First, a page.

Academic journal article Studies in African Linguistics

Conditional Constructions in African Languages

Academic journal article Studies in African Linguistics

Conditional Constructions in African Languages

Article excerpt

1.Why have a special issue devoted to conditional constructions in African languages?

In contrast to the extensive literature on conditionals in English and other major European languages (see for example Lycan 2001 and von Fintel 2011 from a philosophical perspective, Dancygier & Sweetser 2005 from a cognitive linguistic perspective, and Evans & Over 2004 and Girotto & Johnson-Laird 2004 from a psychological perspective), far less work has been done on conditional constructions in other languages. Although morphological and syntactic descriptions of conditional constructions exist for many languages, these are sometimes incomplete, and information about the distribution and functions of conditional constructions is often lacking. Even the excellent World Atlas of Linguistic Structures (Dryer & Haspelmath 2013) has no chapters or features1 dealing specifically with conditional constructions.

This special volume of Studies in African Linguistics contains descriptions of conditional constructions in languages representing Chadic, Eastern Nilotic, Kumuz, Mande, Atlantic, Kwa, and Grassfields and narrow Bantu. Descriptions of the forms of conditional constructions exist for many languages within these groups, but information about the functions of such constructions is often lacking or far from complete. The contributions in this volume therefore pay special attention to the distribution and interpretation of conditional constructions.

In a conditional sentence, a (typically subordinate) clause (the protasis) states some condition, the truth of which is not asserted, under which another (main) clause (the apodosis) holds. The protasis is conventionally labelled p and the apodosis is conventionally labelled q. Examples in the contributions to this volume of SAL are presented by placing each clause in a conditional sentence within square brackets labelled P for the protasis and Q for the apodosis.2

English constructions of the type 'if p, (then) q' are often presented as archetypal conditional sentences. However, 'if p, (then) q' sentences can be used to express a range of meanings, and conversely, various other constructions in English can also express conditions. This state of affairs reflects a fundamental problem in using the label 'conditional' to describe constructions in different languages with similar but distinct functions. The mere fact of producing an issue of a journal dealing with conditional constructions might suggest that the editors believe in crosslinguistic categories, including one labelled 'conditional'; this is not the case. What we do believe, is that all languages have ways to express cases where one proposition describes the conditions under which some other proposition holds, and that many languages have constructions which are predominantly, or at least frequently, associated with the expression of such cases. We believe that there is sufficient "family resemblance" (LaPolla 2016) between such cases to warrant the use of the term 'conditional construction' to describe any linguistic construction for which the expression of such cases is, as Comrie (1986: 82) suggests, either the "basic function" or "one of the basic functions of the construction". It is in this sense that the term 'conditional construction' should be understood in this volume.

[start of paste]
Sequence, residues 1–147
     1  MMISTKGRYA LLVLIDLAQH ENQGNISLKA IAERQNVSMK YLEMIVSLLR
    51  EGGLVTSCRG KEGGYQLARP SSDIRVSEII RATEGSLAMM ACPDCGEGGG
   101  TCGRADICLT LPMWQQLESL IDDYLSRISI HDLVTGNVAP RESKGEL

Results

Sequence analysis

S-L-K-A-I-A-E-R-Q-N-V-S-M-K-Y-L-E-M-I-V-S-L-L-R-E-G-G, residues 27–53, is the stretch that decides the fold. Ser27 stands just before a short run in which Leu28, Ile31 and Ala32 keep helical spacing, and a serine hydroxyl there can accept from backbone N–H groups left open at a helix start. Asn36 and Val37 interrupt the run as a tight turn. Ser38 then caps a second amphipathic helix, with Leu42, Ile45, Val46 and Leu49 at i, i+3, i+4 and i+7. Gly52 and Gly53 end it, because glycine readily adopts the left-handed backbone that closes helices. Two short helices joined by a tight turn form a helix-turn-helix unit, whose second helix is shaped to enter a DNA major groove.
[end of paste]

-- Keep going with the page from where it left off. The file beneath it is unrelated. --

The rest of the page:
2.Classifications of conditionals

To account for the range of conditional meanings found in English and other languages, various classifications of conditional constructions have been proposed. These include the classifications in Athanasiadou & Dirven (1997) discussed in Harley (2017), Feuillet (2006) discussed in Solomiac (2017), and Bhatt & Pancheva (2006). For reasons of space, however, we will only consider three classifications here: those found in Taylor (1997) and Thompson, Longacre & Hwang (2007: 255-262) are two of the more influential recent classifications (at least in the typological and linguistic literature), and the classification proposed in Saloné (1979) has been widely discussed particularly in relation to Bantu languages. …

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